A large number of Rohingya continue to flee to safer countries, often taking immense risks, including dangerous sea crossings. In 2023, out of the 6,500 individuals travelling by land and sea, nearly all the 569 persons reported as dead or missing resulted from maritime crossings.

In May 2023, Cyclone Mocha hit Bangladesh and Myanmar — one of the strongest cyclones ever to hit the region. Cyclone Mocha impacted more than 10 million people in both countries, including the Rohingya refugees in Bangladesh.

How is the crisis affecting children?

Children bear the brunt of the crisis, with 6 million experiencing challenges related to displacement, interrupted healthcare and education, food insecurity, malnutrition, and protection risks like forced recruitment and mental distress. Rohingya children in Rakhine State face confinement due to violence, forced displacement, and limitations on freedom of movement.

A mother and a son in a refugee camp.
Hakimpara refugee camp, Ukhia, Cox’s Bazar, Bangladesh. OCHA/Vincent Tremeau

Until conditions in Myanmar permit Rohingya families to return home with essential rights – safety from violence, citizenship, free movement, health, and education – they remain as refugees or internally displaced persons, residing in overcrowded and sometimes hazardous conditions.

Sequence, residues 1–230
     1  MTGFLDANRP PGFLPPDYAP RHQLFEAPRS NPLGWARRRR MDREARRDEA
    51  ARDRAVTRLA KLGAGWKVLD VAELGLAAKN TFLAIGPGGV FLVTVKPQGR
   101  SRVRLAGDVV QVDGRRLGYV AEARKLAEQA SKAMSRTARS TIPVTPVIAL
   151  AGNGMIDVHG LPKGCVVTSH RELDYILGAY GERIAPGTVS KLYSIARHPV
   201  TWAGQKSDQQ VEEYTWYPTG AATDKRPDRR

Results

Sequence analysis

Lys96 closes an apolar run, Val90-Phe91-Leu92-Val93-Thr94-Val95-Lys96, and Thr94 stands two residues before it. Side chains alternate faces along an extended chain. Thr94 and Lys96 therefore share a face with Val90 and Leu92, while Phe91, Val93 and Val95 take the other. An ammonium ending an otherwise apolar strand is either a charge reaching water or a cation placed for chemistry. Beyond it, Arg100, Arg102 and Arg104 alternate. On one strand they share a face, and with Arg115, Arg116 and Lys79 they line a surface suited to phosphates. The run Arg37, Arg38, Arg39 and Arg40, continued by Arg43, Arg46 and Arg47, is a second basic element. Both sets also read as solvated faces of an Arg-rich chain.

UN Response to the crisis: UN Agencies involved and their role

Myanmar is fast becoming a forgotten crisis. The UN’s 2023 Myanmar Humanitarian Needs and Response Plan received only about 1/3 of its required funding. Humanitarians will need almost a billion dollars to reach 5.3 million people prioritized for urgent assistance.

The 2024 Joint Response Plan for the Rohingya Humanitarian Crisis aims to help some 1 million Rohingya refugees in Cox’s Bazar and on the island of Bhasan Char and 346,000 from host communities with food, shelter, health care, access to drinkable water, protection services, education and livelihood opportunities and skills development.

Six UN agencies including the UN Migration Agency (IOM), the UN Refugee Agency (UNHCR), the UN Population Fund (UNFPA), the UN Children’s Fund (UNICEF), the UN Women and the World Food Programme (WFP) implement Rohingya refugee response projects at refugee camps in Cox’Bazar and Bhasan Char following the allocation of over USD 9 million from the United Nation’s Central Emergency Response Fund (CERF) in January 2023. They provide life-saving services to the Rohingya refugees staying in camps in Cox’s Bazar district and on the island of Bhasan Char and over 17,800 members of the host community in Ukhiya and Teknaf.


To learn more about how the UN Agencies help the Rohingya, go to the respective pages: 


Special Rapporteur on the situation of human rights in Myanmar, Tom Andrews, issued several statements urging coordinated international action that supports the heroic efforts of the people of Myanmar.